Skin Cancer Lakeshore Ear, Nose and Throat Center

The month of May is the traditional start of the outdoor living season here in Michigan, and with the return to gardens, parks, and beaches comes the increased risk of excessive ultraviolet light exposure. May is also, quite appropriately, Skin Cancer Awareness Month.

Not all skin cancers are due to sun exposure, however, so even if you faithfully use high-SPF sunscreens and protective clothing, you may still be at risk. Skin cancer can be quite survivable, however, particularly with early detection.

Understanding types of skin cancer and knowing the three signs that may indicate it’s active will help you know when it’s time to have that spot or mole checked out by the health care professionals at Lakeshore Ear, Nose and Throat Center.

The most common cancers

Skin cancer is not only the most common type of cancer, it’s also the most preventable. However, it’s not a single cancerous condition. In fact, there are three major types of skin cancer, two of which are usually associated with sun exposure and one that isn’t. These types are:


You can develop melanoma anywhere on your body, starting from an existing mole or on otherwise normal sections of skin. For men, melanoma usually appears on the face or the abdomen, while women usually develop it on their lower legs. Melanoma can occur anywhere, including on skin that’s not usually exposed to sunlight.

Basal cell carcinoma

One of the major forms of skin cancer that’s linked to sun exposure, basal cell carcinoma usually occurs on your face, neck, and other exposed skin. This type of cancer can look like a waxy or pearly bump, a scab that may bleed, heal, and reoccur, or as a flat lesion that’s flesh-colored or brown.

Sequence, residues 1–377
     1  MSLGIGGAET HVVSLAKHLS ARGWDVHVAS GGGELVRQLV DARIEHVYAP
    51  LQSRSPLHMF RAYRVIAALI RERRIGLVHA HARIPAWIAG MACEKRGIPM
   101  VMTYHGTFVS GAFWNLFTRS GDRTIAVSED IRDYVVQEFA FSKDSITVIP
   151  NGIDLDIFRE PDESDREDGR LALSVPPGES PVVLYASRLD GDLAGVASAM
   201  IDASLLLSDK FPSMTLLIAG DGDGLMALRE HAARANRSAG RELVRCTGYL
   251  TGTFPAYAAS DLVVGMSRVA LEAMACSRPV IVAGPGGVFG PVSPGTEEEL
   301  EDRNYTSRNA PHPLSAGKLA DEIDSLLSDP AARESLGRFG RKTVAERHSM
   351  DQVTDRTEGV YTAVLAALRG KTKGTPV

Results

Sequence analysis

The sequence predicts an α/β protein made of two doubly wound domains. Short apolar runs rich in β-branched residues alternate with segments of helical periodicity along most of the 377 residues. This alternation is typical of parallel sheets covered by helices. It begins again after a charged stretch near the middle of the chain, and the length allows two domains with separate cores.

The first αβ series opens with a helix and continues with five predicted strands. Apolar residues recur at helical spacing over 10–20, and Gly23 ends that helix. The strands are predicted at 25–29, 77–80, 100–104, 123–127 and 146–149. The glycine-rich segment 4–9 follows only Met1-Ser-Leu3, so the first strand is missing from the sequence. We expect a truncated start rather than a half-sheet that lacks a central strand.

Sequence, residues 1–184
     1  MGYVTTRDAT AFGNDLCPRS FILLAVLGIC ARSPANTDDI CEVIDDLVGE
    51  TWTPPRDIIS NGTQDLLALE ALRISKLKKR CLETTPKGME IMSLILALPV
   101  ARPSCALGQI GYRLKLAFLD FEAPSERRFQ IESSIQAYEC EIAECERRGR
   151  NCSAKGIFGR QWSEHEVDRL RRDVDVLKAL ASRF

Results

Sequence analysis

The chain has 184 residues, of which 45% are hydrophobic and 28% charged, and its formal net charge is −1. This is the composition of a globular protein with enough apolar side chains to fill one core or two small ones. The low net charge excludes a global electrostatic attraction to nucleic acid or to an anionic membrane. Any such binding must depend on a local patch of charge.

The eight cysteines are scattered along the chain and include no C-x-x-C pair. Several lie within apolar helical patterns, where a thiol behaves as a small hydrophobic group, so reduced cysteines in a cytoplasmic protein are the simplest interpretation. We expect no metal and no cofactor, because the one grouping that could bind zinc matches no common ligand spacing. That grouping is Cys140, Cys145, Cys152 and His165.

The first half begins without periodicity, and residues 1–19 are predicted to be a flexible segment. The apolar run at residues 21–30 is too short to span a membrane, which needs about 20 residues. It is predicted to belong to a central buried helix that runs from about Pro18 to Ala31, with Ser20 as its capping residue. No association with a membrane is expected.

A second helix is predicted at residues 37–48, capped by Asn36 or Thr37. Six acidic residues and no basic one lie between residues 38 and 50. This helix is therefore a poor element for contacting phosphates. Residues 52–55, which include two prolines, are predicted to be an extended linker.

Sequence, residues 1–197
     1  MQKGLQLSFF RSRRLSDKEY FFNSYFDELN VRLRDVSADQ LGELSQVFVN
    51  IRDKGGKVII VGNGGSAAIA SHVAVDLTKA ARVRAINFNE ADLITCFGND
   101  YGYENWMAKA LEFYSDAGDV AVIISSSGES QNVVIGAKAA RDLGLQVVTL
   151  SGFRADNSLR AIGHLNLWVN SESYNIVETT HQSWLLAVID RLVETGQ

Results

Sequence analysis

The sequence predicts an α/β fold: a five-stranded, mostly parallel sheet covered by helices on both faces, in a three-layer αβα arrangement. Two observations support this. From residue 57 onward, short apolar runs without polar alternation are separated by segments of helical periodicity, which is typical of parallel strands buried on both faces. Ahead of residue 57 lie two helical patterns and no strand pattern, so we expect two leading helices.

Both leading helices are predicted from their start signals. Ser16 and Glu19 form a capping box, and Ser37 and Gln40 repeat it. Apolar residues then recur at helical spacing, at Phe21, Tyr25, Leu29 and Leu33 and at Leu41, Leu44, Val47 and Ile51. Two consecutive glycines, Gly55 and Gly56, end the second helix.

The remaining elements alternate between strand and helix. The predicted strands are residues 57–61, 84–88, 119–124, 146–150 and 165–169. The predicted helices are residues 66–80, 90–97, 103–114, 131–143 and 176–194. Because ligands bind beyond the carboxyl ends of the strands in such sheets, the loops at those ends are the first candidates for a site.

Squamous cell carcinoma

Though squamous cell carcinomas most commonly occur on sun-exposed skin, people with darker skin may develop these in other places as well. This type of skin cancer may appear as a flat, scaly or crusted lesion or as a nodule that’s firm in texture and red in color.

3 signs you might have skin cancer

Being aware of common risk factors for skin cancer can also help you determine if you need to be vigilant about changes in your skin. The big three include:

  1. Family history: If more than one person in your family has had skin cancer, your chances are higher, so you should schedule a baseline skin examination as well as learning effective self-check techniques.
  2. Unusual moles: Though sometimes the appearance of moles changes with time, cancerous moles typically look much different than others you’ve had most of your life, usually with irregular shape or coloration.
  3. Sores that don’t heal: If a sore or lesion doesn’t clear up in about a month, it’s time to have it checked, particularly if one has occurred in the same spot before

Even if these skin changes turn out to be benign, regular self-examinations of all parts of your body, including areas that require double mirrors or a partner to check, will keep the risk of skin cancer at bay. For a comprehensive check of moles or lesions, particularly on the face and neck, call or click to schedule an appointment with the most convenient office of Lakeshore Ear, Nose and Throat Center. When it comes to skin cancer, you’re better safe than sorry.